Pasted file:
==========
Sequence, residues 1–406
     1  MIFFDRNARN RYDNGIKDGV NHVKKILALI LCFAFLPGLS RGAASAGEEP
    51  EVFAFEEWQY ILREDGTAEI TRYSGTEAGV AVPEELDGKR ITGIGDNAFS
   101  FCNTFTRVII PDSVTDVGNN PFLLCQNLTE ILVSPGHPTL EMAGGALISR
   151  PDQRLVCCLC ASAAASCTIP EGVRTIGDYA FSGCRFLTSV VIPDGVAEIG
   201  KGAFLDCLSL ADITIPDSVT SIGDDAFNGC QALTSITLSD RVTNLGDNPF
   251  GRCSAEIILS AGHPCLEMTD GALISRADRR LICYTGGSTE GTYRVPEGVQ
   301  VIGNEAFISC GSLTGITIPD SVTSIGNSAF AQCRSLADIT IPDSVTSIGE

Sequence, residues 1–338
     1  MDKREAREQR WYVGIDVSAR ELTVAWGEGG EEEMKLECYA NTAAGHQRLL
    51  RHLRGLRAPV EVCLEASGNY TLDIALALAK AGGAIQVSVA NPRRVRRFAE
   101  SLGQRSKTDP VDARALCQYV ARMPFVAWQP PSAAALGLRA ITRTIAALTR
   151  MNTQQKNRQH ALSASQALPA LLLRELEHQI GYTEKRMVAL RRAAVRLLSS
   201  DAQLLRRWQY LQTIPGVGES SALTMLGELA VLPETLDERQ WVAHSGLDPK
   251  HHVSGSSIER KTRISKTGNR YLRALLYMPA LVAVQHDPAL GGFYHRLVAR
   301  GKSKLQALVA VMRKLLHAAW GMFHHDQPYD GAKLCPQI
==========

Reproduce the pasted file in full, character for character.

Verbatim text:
Sequence, residues 1–406
     1  MIFFDRNARN RYDNGIKDGV NHVKKILALI LCFAFLPGLS RGAASAGEEP
    51  EVFAFEEWQY ILREDGTAEI TRYSGTEAGV AVPEELDGKR ITGIGDNAFS
   101  FCNTFTRVII PDSVTDVGNN PFLLCQNLTE ILVSPGHPTL EMAGGALISR
   151  PDQRLVCCLC ASAAASCTIP EGVRTIGDYA FSGCRFLTSV VIPDGVAEIG
   201  KGAFLDCLSL ADITIPDSVT SIGDDAFNGC QALTSITLSD RVTNLGDNPF
   251  GRCSAEIILS AGHPCLEMTD GALISRADRR LICYTGGSTE GTYRVPEGVQ
   301  VIGNEAFISC GSLTGITIPD SVTSIGNSAF AQCRSLADIT IPDSVTSIGE

Sequence, residues 1–338
     1  MDKREAREQR WYVGIDVSAR ELTVAWGEGG EEEMKLECYA NTAAGHQRLL
    51  RHLRGLRAPV EVCLEASGNY TLDIALALAK AGGAIQVSVA NPRRVRRFAE
   101  SLGQRSKTDP VDARALCQYV ARMPFVAWQP PSAAALGLRA ITRTIAALTR
   151  MNTQQKNRQH ALSASQALPA LLLRELEHQI GYTEKRMVAL RRAAVRLLSS
   201  DAQLLRRWQY LQTIPGVGES SALTMLGELA VLPETLDERQ WVAHSGLDPK
   251  HHVSGSSIER KTRISKTGNR YLRALLYMPA LVAVQHDPAL GGFYHRLVAR
   301  GKSKLQALVA VMRKLLHAAW GMFHHDQPYD GAKLCPQI